Six months ago, concerns about the eurozone debt crisis, a property bubble in China and escalating tension between North and South Korea had many investors worried. Indeed, the benchmark TAIEX shed more than 1,300 points, falling from 8,395.39 points on Jan. 19 to 7,032 on May 25.
However, the stock market then rallied in the second half of the year and the TAIEX closed at a year-high of 8,972.5 points, the highest in 31 months.
The market was buoyed by the continued inflow of foreign capital and repatriation of overseas funds by Taiwanese businesspeople during the second half of last year, amid a generally upbeat economic outlook.
Last year, Taiwanese shares rose 9.58 percent, which was higher than the 5.32 percent increase on Hong Kong’s Hang Seng Index, but lower than the 21.94 percent jump on South Korea’s KOSPI. China’s Shanghai Composite Index, meanwhile, dropped 14.31 percent, the worst performer in Asia.
Data from the Taiwan Stock Exchange show that the total market value of local stocks increased NT$2.78 trillion (US$91.5 billion), or 13.21 percent, last year to NT$23.81 trillion, translating into an increment of approximately NT$867,000 for each of the 3.2 million investors who traded shares last year. In 2009, the gains were about NT$3.01 million for each of the country’s investors.
If the calculation is based on the 8.67 million people who have opened securities accounts, each investor made an average profit of NT$320,000 last year. In 2009, the average was NT$1.09 million.
Nevertheless, many investors remained cheerful last year, with worries about jobs and spending apparently distant memories.
Shares in traditional industries such as retailing, transportation, automobiles and textiles became mainstream equities on the local bourse, and other domestic demand plays like tourism, food-manufacturing and construction also fared well, thanks in part to the warming trade ties across the Taiwan Strait.
On the other hand, shares in electronics firms, a mainstay of Taiwan’s export sector, only rose 2.41 percent last year, while those in semiconductors, computers and peripherals rounded out the year with a fall of up to 3 percent, in the face of the appreciating NT dollar.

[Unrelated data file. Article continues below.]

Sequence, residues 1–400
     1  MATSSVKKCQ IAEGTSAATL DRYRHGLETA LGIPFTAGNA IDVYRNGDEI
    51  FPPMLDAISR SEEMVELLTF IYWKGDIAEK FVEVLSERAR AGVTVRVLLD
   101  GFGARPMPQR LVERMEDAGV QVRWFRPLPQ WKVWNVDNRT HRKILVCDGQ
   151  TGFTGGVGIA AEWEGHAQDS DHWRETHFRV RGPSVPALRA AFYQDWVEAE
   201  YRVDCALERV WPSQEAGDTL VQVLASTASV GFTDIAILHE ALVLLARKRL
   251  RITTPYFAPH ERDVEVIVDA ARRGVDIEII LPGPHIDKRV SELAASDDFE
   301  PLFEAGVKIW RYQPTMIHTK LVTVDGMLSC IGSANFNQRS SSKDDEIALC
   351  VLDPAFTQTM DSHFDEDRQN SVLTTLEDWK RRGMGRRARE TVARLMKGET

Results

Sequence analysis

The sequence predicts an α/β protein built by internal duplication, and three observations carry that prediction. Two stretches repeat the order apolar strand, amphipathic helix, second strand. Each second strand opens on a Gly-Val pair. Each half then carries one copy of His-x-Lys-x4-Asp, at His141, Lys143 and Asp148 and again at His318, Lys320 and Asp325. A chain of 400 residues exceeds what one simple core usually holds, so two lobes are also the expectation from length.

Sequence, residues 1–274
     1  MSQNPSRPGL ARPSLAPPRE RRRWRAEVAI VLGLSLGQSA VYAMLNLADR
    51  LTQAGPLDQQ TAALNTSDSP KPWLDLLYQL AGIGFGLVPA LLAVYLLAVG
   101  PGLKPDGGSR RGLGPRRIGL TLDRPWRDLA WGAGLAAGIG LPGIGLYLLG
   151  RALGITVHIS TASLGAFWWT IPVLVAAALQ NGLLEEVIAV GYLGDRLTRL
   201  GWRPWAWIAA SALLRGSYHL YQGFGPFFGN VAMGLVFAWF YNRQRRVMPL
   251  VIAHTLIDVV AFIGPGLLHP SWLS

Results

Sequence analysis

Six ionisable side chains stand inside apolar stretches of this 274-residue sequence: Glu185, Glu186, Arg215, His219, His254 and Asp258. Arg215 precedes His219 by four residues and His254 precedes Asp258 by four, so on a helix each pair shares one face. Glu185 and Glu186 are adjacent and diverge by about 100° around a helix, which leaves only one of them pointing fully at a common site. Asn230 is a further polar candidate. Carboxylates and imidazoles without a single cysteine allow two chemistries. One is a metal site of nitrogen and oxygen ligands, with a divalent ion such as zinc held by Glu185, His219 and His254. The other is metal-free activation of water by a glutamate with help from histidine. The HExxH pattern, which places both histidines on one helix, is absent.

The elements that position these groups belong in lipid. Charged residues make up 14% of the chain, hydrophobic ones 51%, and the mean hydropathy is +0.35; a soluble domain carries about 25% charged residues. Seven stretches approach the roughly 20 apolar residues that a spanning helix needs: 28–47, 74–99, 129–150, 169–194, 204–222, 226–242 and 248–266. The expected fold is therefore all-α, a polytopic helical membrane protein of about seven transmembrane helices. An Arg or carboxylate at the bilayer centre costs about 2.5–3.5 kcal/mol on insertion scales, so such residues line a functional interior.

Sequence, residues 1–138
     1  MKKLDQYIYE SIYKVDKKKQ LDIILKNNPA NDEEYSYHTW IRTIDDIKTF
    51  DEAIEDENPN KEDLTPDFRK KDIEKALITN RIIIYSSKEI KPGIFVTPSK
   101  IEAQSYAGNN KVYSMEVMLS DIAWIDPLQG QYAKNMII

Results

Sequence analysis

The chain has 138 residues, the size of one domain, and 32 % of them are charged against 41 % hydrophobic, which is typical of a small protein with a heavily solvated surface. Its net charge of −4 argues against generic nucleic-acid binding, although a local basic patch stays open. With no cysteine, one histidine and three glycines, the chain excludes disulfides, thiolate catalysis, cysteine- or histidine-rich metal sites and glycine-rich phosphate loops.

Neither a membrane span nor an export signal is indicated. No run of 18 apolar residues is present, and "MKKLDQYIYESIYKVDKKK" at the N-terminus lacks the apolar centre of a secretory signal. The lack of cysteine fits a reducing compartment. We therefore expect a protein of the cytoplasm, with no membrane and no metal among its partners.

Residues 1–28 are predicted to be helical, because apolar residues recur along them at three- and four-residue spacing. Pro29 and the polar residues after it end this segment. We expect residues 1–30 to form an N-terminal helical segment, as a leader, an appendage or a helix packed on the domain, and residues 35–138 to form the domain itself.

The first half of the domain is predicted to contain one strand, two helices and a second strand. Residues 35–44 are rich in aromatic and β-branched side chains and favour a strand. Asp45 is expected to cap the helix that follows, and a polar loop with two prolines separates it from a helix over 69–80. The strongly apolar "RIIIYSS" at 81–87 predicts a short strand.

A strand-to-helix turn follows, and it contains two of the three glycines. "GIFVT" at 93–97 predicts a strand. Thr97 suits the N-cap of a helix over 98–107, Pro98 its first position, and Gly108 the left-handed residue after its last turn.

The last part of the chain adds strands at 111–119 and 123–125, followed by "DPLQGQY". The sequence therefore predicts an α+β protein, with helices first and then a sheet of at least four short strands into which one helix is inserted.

Although the TAIEX’s yearly apex of 8,972.5 points on Dec. 31 was still 3.47 percent below its 2008 high of 9,295.2 — an indication that the market has yet to return to its level before the global financial crisis — many people are optimistic that the stock market will continue its moderate upward trend this year, and expect the nation’s economy to continue to grow steadily.
Ultimately, whether the market continues its bull run will depend on external conditions as much as the tug of war between foreign capital inflows and the central bank’s efforts to curb currency speculation. Like other export-reliant economies in the region, increased capital inflows will drive up the value of the NT dollar, which will further push up domestic property prices and weigh on electronics exporters.
Moreover, rising raw material and fuel prices also point to possible inflationary pressures that could undercut consumers’ desire to spend. In other words, the central bank needs to be particularly careful when introducing credit-tightening measures, to prevent jeopardizing the tentative economic recovery.
However, one thing is certain: Once local companies start hiring again and raise salaries to help encourage private consumption, then the economy will be really on the right track
An outrageous dismissal of the exemplary Taiwanese fight against COVID-19 has been perpetrated by the EU. There is no excuse. I presume that everyone who reads the Taipei Times knows that the EU has excluded Taiwan from its so-called “safe list,” which permits citizens unhindered travel to and from the countries of the EU. As the EU does not feel that it needs to explain the character of this exclusive list, perhaps we should examine it ourselves in some detail. There are 14 nations on the list that have been chosen as safe countries of origin and safe countries of destination for
Filmmakers in Taiwan used to struggle when it came to telling a story that could resonate internationally. Things started to change when the 2017 drama series The Teenage Psychic (通靈少女), a collaboration between HBO Asia and Taiwanese Public Television Service (PTS), became a huge hit not just locally, but also internationally. The coming-of-age story was adapted from the 2013 PTS-produced short film The Busy Young Psychic (神算). Entirely filmed in Taiwan, the Mandarin-language series even made it on HBO’s streaming platforms in the US. It is proof that a well-told Taiwanese story can absolutely win the hearts and minds of hard-to-please
Drugged with sedatives, handcuffed and wearing a bright orange prison tunic, British fraud investigator and former journalist Peter Humphrey was escorted by warders into an interrogation room filled with reporters, locked inside a steel cage and fastened to a metal “tiger chair.” Humphrey recalls: “I was completely surrounded by officers, dazed, manacled and with cameras pointing at me through the bars. I was fighting for my life like a caged animal. It was horrifying.” Footage from the interrogation was later artfully edited to give the appearance of a confession and broadcast on Chinese state media. While this might sound like an
If anyone had harbored hope that Chinese Nationalist Party (KMT) Chairman Johnny Chiang (江啟臣) was to bring about much-needed reform to his party, those hopes have now been dashed. The pathetic publicity stunt of the KMT’s short-lived “occupation” of the Legislative Yuan on Sunday and Monday last week failed on so many levels, it is difficult to know where to start. Seeing Chiang at the scene was disappointing and raises the question of why he allowed it to happen. The farce began when KMT legislators barricaded themselves into the legislative chamber. However, they were kicked out only 19 hours later, just in